When we are faced with overwhelming disasters, or tragic events, we will find that generosity of people we don't know coming to our aid and assistance.
If a large number of people need help we may also find ourselves in a position asking ourselves, "What can I do", or "I feel helpless, there is nothing I can do", which leads to a phenomenon known as compassion collapse (or fade), which makes us less likely to be generous and offer assistance, because we may feel, ‘there are already enough people helping, they have it covered'.
There are studies which suggest ways of overcoming our tendency to limit our generosity. Here are 5 evidence-based methods for encouraging people to give more to charity.
Focus on single people
Visualise yourself giving to one person, rather than a group of people. It's called the "identifiable victim effect" If you put a name and a face to a victim then you can develop a more emotional connection to that person and their suffering, rather than an anonymous group of victims. This is how some charities trying to help thousands of people, highlight how a potential donor could make a difference to a specific person. We can all make a difference by helping someone.
Help, by allowing people express their emotions, rather than repress them
Studies suggest that we are less likely to help groups of people because people find the needs of larger groups to be emotionally overwhelming. Sharing our experiences and opening up our heart to others allows them to do the same. Suffering and tragic events are not pinpointed at anyone in particular. We can all fall victim to unforeseen circumstances. Let's be there for each other, cause we never know when we may need the help of our neighbour.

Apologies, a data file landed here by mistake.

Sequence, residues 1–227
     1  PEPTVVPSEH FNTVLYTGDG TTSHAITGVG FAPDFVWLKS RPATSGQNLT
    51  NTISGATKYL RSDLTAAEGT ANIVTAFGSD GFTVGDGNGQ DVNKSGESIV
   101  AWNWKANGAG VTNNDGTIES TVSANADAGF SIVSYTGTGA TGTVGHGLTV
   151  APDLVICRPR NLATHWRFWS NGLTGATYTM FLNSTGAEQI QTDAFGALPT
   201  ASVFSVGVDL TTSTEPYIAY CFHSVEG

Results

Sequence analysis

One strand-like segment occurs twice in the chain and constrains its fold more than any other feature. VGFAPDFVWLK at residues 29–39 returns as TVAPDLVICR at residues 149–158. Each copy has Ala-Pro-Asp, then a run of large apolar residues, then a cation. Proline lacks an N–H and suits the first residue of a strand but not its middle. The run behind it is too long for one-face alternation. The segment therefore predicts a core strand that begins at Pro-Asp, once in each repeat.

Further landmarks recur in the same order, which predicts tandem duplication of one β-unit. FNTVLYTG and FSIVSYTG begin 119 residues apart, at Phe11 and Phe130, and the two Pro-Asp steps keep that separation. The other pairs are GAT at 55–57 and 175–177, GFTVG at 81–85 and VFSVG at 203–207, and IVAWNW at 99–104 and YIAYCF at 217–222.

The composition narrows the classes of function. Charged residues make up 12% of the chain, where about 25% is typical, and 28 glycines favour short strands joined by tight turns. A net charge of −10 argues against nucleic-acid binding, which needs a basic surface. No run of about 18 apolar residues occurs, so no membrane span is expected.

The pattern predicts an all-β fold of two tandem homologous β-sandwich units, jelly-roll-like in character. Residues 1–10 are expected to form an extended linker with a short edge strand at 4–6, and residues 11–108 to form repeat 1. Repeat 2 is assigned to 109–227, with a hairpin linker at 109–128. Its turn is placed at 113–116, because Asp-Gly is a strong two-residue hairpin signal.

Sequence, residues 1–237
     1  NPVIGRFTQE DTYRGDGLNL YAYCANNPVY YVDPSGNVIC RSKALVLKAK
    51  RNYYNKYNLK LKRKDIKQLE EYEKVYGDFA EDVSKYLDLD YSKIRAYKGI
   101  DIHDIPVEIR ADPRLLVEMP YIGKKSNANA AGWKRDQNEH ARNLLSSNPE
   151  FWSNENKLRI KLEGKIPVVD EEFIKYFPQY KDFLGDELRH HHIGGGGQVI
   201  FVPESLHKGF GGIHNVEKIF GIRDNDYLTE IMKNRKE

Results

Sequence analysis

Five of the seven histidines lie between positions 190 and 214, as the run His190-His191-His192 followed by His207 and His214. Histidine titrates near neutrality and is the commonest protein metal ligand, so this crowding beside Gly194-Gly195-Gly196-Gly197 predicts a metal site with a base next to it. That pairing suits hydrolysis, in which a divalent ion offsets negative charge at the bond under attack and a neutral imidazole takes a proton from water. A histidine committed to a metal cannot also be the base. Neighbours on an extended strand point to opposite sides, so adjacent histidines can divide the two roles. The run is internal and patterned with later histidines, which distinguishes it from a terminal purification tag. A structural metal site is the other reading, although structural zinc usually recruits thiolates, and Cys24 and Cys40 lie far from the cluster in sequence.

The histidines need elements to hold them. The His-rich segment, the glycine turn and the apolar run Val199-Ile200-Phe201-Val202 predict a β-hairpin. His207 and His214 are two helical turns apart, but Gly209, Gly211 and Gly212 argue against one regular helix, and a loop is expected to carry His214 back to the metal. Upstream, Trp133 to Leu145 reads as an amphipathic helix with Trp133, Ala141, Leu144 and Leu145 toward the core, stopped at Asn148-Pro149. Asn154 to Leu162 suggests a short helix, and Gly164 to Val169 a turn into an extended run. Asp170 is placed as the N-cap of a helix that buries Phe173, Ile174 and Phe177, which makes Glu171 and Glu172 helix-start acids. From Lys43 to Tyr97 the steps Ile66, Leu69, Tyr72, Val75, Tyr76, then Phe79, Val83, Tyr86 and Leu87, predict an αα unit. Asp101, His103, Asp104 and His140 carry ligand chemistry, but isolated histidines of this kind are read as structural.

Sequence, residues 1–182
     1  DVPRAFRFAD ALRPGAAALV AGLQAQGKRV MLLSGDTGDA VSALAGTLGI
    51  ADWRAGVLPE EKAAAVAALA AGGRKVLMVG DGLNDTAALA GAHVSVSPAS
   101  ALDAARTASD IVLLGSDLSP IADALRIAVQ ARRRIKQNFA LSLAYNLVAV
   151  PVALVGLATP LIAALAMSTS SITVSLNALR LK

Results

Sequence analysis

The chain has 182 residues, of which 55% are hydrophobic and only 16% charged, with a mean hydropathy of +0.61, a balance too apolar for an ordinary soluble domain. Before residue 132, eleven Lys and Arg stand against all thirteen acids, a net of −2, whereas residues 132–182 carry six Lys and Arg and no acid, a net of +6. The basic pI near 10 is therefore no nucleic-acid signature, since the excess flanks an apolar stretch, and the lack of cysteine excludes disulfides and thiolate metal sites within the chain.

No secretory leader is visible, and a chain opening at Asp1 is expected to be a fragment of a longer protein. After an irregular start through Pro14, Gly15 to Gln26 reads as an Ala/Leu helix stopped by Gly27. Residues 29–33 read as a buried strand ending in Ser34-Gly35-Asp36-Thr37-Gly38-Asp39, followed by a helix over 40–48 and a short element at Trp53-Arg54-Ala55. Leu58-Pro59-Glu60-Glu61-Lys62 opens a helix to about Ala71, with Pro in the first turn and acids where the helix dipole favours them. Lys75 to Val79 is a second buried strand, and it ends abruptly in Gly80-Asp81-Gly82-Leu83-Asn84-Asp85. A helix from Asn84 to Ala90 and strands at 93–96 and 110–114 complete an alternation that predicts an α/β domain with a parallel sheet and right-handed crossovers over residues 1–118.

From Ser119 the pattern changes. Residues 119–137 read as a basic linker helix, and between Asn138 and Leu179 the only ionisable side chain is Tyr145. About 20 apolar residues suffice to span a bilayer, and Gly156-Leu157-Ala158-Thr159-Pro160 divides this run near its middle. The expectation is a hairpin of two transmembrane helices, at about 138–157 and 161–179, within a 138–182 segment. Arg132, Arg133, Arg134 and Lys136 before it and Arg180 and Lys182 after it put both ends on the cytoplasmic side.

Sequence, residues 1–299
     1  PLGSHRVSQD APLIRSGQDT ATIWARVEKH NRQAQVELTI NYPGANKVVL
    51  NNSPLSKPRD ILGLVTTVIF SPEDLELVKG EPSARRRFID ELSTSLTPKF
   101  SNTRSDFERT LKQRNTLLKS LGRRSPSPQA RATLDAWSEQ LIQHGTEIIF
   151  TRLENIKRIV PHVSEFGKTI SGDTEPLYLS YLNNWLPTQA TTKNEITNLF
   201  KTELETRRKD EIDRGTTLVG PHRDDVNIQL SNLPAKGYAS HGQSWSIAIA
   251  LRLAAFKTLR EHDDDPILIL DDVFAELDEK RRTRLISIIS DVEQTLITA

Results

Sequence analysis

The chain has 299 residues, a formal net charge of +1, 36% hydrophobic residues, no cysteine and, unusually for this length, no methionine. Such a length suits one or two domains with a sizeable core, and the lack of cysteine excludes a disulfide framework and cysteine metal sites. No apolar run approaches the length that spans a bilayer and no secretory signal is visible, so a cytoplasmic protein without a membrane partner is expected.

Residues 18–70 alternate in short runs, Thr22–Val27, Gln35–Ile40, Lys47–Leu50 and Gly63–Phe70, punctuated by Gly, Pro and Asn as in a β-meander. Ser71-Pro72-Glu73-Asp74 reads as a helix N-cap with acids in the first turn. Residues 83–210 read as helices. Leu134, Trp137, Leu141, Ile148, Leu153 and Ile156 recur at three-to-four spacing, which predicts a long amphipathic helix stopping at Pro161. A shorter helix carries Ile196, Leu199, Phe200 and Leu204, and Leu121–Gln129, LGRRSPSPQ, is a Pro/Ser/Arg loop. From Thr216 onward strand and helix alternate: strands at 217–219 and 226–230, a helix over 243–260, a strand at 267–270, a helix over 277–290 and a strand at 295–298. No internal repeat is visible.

Tie giving to a sense of identity and purpose
"People are more willing to give when they see generosity as part of who they are”" Dr. Summer Allen
A study found that when people gave away something that represented their essence, such as a signature, personal possession, or blood donation, they were more committed to helping the cause in the future compared to people who gave something less personal.
Ask people to pay later (and thank them right away)
Allowing people time between when you ask them to donate and when they actually part with their money might help convince reluctant donors to say "yes.”. Researchers speculate that this was because the donors received the immediate positive reward of deciding to help the charity, but the pain of actually paying the money was delayed and thus discounted. Allowing people to cancel at anytime also made them less likely to reverse their decision to give.
Describe the Impact of the gift
I know when I give blood, and receive an email from the donor clinic letting me know I just saved 3 lives, the gratification is overwhelming. Just to know that I saved lives, I actually look forward to going back and giving more blood. More information about where charity money will go also makes people happier about their decision to give. A study shows that donations are increased when the participants' know their generosity has an impact on a particular problem. It has a huge impact on you when you see that your contribution bought the bed for that child you are supporting in Africa.
No Comments Yet! - Be the first to comment.